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Jay Cutler's No Villain

tom franzeseContributor IMarch 17, 2009

Jay Cutler has wrongly been painted as the villain in his battle with the Denver Broncos organization over a failed attempt at trading him.

First off, could Cutler have handled the news of his team trying to jettison him better? Of course, but the Broncos are not without fault, either.

Seems to me the Broncos had a "Plan A" (getting Matt Cassell for new head coach Josh McDaniels to work with), and when that plan fell through, they had not only no "Plan B," but no idea how to handle the fallout that followed the collapse of their previous blueprint.

If you're going to tell me Matt Cassell is even remotely in Jay Cutler's league, you're insane. Immature reaction or not, I can see how Cutler was insulted by this move. I mean, who is Matt Cassell?

It's not like the Broncos were gunning for a bonafide starting quarterback, like Carson Palmer or Drew Brees; Cassell wasn't even picked in the first round. I know Tom Brady was another guy drafted low who made the most of his shot, but let's not put Cassell at Brady's elite level after 15 games; he's not even close.

The point I'm making is that Cutler was right to be offended that his new head coach cared so little for him that he was willing to move him for a clearly inferior signal-caller.

Owner Pat Bowlen issued a statement saying that he was " disappointed" with the way that things were being handled, but that he was more "disappointed" at how Cutler was handling things. Really?

If Pat Bowlen was so concerned about it becoming a circus, where was he Saturday, when his Pro Bowl general sat down with McDaniels and GM Brian Xanders? Maybe if Mr. Bowlen had been present for that meeting, Cutler would have felt a sense of security, instead of detecting an ambush.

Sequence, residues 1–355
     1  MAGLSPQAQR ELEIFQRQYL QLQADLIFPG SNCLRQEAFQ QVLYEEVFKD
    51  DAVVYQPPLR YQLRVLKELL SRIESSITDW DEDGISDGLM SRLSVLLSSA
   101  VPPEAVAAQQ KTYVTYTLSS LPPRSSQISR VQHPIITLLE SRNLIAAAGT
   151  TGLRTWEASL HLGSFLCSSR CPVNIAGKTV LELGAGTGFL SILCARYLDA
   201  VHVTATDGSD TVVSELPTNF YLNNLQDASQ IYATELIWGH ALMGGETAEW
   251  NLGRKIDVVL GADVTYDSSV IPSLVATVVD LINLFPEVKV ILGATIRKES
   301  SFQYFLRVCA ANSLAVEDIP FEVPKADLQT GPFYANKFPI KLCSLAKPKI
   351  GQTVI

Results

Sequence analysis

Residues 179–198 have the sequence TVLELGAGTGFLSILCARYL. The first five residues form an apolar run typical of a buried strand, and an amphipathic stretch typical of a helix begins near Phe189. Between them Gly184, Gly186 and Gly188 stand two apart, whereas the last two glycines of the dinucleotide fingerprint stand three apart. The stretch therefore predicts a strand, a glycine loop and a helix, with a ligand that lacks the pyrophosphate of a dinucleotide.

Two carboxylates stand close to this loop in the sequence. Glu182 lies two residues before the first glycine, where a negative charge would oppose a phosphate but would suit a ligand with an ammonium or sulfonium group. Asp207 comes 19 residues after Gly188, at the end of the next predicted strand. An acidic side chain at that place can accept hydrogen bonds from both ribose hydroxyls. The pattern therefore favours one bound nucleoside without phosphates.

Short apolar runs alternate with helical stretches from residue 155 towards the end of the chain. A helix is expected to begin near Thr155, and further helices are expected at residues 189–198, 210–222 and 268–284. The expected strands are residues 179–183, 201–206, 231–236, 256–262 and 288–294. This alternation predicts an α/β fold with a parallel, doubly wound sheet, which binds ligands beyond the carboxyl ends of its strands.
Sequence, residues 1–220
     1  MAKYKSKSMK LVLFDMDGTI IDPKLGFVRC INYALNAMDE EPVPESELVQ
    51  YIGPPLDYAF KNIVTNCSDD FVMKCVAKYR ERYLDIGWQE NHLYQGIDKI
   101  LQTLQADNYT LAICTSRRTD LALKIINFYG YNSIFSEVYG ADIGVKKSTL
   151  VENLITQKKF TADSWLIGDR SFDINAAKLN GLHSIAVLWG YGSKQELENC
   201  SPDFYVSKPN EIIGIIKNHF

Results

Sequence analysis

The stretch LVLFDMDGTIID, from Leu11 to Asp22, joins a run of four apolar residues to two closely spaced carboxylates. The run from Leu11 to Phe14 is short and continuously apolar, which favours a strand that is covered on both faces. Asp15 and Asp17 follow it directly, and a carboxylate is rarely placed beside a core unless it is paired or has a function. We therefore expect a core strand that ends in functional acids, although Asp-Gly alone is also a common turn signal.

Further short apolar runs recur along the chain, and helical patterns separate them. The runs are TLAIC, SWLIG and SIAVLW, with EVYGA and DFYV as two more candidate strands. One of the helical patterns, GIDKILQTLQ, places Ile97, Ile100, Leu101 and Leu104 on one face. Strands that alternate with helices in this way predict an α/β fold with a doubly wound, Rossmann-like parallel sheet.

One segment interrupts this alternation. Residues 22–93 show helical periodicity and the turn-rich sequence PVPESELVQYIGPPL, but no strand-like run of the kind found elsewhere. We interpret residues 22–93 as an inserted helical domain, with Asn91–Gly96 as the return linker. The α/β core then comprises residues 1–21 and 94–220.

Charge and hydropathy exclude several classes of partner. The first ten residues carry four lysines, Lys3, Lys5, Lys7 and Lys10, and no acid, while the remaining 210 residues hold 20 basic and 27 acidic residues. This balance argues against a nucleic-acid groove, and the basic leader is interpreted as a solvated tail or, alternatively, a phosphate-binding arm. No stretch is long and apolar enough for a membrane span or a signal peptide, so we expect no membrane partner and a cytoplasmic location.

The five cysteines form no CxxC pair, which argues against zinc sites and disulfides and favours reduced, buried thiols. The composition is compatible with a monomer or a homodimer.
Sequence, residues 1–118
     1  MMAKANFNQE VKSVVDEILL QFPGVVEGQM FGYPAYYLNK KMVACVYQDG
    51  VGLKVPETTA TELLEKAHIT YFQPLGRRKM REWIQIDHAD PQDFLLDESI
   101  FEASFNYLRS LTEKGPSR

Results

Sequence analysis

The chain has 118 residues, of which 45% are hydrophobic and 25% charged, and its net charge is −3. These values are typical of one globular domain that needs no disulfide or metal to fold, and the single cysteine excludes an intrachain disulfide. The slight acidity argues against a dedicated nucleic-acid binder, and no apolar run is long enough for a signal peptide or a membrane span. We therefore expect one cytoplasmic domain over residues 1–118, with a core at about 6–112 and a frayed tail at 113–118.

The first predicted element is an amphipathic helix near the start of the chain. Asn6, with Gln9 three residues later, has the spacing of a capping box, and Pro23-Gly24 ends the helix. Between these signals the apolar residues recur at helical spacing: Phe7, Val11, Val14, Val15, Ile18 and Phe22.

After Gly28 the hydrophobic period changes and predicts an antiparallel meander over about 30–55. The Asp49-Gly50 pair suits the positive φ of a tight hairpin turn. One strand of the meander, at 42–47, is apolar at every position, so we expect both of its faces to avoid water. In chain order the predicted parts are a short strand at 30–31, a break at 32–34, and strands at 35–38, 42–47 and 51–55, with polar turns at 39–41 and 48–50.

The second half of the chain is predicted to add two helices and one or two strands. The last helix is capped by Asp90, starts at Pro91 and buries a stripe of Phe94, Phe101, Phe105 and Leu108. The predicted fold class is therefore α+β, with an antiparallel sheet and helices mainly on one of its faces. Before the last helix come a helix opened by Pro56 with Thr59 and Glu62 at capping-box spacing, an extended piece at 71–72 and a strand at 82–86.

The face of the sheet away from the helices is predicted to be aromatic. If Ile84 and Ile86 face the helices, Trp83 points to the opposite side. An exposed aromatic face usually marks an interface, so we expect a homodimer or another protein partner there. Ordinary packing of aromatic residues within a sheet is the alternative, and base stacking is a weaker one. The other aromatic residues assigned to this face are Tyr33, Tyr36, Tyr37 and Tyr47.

Maybe the owner of the team should have been there to bridge the gap between his new front office and his star. By remaining in the shadows, quiet, Bowlen spoke volumes.

Everybody wants to use the Patriots as a model by hiring Bill Belichick-trained coordinators, but what they miss is that these guys aren't actually Belichick. These young coordinators who become head coaches, no matter how talented they may think they are, haven't earned anything yet.

Eric Mangini made this mistake with the Jets, and when the team began to lose, they stopped buying into the "Patriot Way." I'm afraid the Broncos are heading down the same street with McDaniels.

McDaniels' first interactions with Cutler were all an attempt to establish his Belichick-style superiority. He told the team's most important player that, essentially, he is no more valuable to the team then the water boys.

Jay Cutler has thrown for more than 9,000 yards in his first three seasons in the NFL. Only Peyton Manning, Dan Marino, and Brett Favre threw for more.

He's thrown for more than 50 TD, he's been to the Pro Bowl, and he was the first Bronco QB to begin his career with TD passes in seven straight games.

When every Denver running back got injured last year, he single-handedly put the team on his back.

He's never complained about the talent around him, and he deserves better.

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